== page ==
The International Finance Corporation (IFC), the private-sector arm of World Bank, on Wednesday announced a R15,000-crore ($2.5 billion) onshore rupee-denominated bond issuance to be spread over the next five years.
The proceeds will be used for investing in infrastructure projects in India. The proposed ?AAA? bonds will be priced close to government securities and will have maturity period of 10 years and above. They will be privately placed to institutional investors including FIIs, insurance and pension funds. The yield will be set through a book-building process.
The domestic bond programme comes after IFC?s
$1 -billion offshore rupee-denominated bond issue last year. Under the programme, IFC will use a combination of rupee-denominated bonds and swaps to raise local-currency financing of up to R15,000 crore over the next five years, IFC executive vice-president and CEO Jin-Yong Cai said in New Delhi.
Finance secretary Arvind Mayaram said, ?It will also create a new momentum in the development of corporate bond market and long-term bond market. It will create a benchmark that will determine the yield curve (for corporate bonds), which can then be followed by others.?
The bonds will be offered over multiple tranches. The size and tenure of the tranches will be decided on the basis of the projects IFC will fund. The bonds will be rated AAA, making them especially attractive for debt investors looking to park funds in India on a longer-term basis, IFC representatives said. ?The tenure of these bonds will be driven by project needs and because we are targeting only infrastructure projects, we will need long-term money. So we will be happy to issue as long a tenure as possible. It could be as long as 20 years in some cases,? said Keshav Gaur, treasury head for Asia, Middle-East, Europe and North Africa at IFC. ?We are expecting the yield to be close to the ones offered on g-secs. We will be similar to those plus minus one to two basis points,? he said.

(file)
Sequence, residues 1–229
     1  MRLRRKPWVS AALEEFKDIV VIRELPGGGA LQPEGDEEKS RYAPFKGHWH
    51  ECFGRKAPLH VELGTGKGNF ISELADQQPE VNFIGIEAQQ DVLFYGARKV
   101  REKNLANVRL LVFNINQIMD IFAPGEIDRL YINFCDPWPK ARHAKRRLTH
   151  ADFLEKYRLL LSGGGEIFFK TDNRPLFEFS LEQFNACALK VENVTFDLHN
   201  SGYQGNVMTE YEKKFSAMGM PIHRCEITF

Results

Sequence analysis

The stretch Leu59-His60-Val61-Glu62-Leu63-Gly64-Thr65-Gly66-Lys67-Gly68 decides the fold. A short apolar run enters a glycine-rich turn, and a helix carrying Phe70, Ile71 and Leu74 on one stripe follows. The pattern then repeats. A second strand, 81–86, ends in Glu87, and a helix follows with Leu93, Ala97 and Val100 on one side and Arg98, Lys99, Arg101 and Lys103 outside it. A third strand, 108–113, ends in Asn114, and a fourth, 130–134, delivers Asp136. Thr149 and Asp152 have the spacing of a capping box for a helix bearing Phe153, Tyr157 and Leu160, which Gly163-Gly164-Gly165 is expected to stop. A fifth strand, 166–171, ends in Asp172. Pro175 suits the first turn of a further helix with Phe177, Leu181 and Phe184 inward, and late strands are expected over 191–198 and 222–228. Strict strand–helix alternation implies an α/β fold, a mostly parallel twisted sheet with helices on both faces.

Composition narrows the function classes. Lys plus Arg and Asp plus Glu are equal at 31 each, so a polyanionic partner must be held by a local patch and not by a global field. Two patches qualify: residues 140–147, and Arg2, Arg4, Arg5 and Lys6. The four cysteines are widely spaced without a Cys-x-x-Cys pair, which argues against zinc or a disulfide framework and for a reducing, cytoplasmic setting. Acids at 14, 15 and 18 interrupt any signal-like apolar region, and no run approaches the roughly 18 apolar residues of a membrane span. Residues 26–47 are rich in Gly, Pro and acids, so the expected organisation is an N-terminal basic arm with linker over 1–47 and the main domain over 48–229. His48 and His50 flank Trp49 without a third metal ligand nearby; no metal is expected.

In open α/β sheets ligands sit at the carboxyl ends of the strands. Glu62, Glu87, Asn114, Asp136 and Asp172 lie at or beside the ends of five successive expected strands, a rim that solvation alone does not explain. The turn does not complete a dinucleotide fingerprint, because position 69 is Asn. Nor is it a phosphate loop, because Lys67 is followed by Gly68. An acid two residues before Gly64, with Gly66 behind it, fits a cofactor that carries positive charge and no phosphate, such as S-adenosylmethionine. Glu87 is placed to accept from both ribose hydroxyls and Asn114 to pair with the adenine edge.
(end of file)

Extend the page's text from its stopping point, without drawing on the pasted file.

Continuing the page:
India?s 10-year bond yield ended down 5 basis points at 8.48% on Wednesday, on speculation that foreign portfolio investors were active buyers, especially in 5-8 year debt, suggesting an improvement in the global risk appetite and a positive outlook on local bonds. On April 4 this year, the 10-year bond yield had touched 9.11%, the highest this fiscal.
?We will be targeting institutional investors. There will be no quota for retail investors. It will be open to foreign investors who are investing in India through the FII route. The currency risk will be borne by the investors,? Gaur said.
India needs $1 trillion in ramping up its creaky infrastructure over the next five years.
The Modi government?s first Budget was marked by a number of announcements to boost infrastructure, including development of 100 smart cities, high-speed rail networks, and improving rural infrastructure